he Empress of the Seas, formerly the
Nordic Empress, returned to its Northeast home -- but to a port in
Bayonne, N.J., instead of in New York -- to start its annual season
of Bermuda cruises.
So instead of driving to Manhattan's Cruise Terminal for a
preview of the ship, we went over the Bayonne Bridge and up the
road to Royal Caribbean Cruises' new home base, Cape Liberty Cruise
Port, which is within sight of the Statue of Liberty and 15 minutes
from Newark Liberty Airport.
New signage directed us to the Peninsula at Bayonne Harbor
complex, formerly the Bayonne Military Ocean Terminal, where
security police greeted us with a "Howyoudoin'?"
"They need to put some flowers in here," my driver noted as we
passed the checkpoint and drove up a bumpy, tree-lined road and
then by a warren of warehouses before arriving at Cape Liberty
What a difference a month makes: Last time Travel Weekly visited
Cape Liberty it was cold and damp; the warehouse that would house
the check-in facilities was empty except for some construction
This time, the sun was out, and the place was buzzing with
activity. The terminal now houses security X-ray machines, funky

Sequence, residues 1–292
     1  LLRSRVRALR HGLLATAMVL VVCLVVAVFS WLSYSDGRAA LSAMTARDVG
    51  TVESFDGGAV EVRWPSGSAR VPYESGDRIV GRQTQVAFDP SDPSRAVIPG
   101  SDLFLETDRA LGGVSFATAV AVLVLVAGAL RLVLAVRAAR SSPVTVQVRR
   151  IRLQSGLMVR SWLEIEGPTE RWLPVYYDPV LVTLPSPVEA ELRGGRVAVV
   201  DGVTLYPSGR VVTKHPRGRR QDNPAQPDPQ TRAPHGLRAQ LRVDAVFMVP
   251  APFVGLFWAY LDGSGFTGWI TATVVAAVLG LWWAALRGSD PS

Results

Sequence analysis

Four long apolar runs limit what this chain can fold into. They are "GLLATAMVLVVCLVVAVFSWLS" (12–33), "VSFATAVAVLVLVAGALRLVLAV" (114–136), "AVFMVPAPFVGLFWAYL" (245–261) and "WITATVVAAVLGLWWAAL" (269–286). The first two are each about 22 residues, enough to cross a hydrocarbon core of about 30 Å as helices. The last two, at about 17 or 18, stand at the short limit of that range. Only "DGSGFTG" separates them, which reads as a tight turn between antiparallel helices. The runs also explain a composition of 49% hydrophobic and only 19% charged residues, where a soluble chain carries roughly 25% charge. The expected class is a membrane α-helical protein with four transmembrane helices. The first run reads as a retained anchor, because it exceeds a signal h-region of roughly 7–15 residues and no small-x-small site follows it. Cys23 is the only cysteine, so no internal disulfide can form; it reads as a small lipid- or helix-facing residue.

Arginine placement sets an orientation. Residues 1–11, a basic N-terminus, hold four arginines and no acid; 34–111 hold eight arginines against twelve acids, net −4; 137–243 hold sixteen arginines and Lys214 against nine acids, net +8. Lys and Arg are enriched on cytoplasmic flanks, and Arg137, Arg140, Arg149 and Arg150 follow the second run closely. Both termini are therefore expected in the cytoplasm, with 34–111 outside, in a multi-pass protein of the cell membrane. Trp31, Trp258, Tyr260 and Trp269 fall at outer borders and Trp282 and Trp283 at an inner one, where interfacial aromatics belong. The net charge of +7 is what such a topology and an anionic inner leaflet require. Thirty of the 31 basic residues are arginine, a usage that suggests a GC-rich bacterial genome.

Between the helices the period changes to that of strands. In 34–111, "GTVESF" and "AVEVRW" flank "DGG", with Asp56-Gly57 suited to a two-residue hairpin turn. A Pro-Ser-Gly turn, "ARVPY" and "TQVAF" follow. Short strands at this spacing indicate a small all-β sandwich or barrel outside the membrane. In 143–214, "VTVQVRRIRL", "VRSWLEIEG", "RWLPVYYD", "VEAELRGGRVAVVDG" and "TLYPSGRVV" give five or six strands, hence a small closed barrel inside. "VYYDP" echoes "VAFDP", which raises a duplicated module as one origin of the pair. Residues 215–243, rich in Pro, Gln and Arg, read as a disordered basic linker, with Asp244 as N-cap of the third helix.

blue plastic chairs and rows of check-in desks.
Bright-red buses ferried passengers from the terminal to the
Empress, berthed about a half-mile away. Smiling pier employees
directed us at every turn.
The port officially opened May 14 with a ceremony and a visit to
the port's flagship, the 139,000-ton Voyager of the Seas, which had
arrived for the first time that morning.
Cape Liberty will be home base this summer for the Voyager of
the Seas' trips to Canada/New England and the Caribbean.
This day, however, the Empress of the Seas was the royal guest.
The ship was full of travel agents who overwhelmingly praised
Bayonne's quick accessibility by car and the easy driving
directions (exit 14A off the New Jersey Turnpike to Route 440
south), while taking note of its less-than-picturesque surroundings
(industrial area and the nearby Port of New York and New
Off in the distance was a clear view of the Statue of Liberty,
the downtown Manhattan skyline and the residential communities of
Staten Island. Closer, however, were stacks of shipping containers
and empty warehouses.
"It's not a pretty place," Mina DiSora, an agent with Largay
Travel in Waterbury, Conn., said of the Bayonne peninsula. "But I
think it'll be amazing. This is a smart choice."
Not everyone on board agreed. One guest said that summer traffic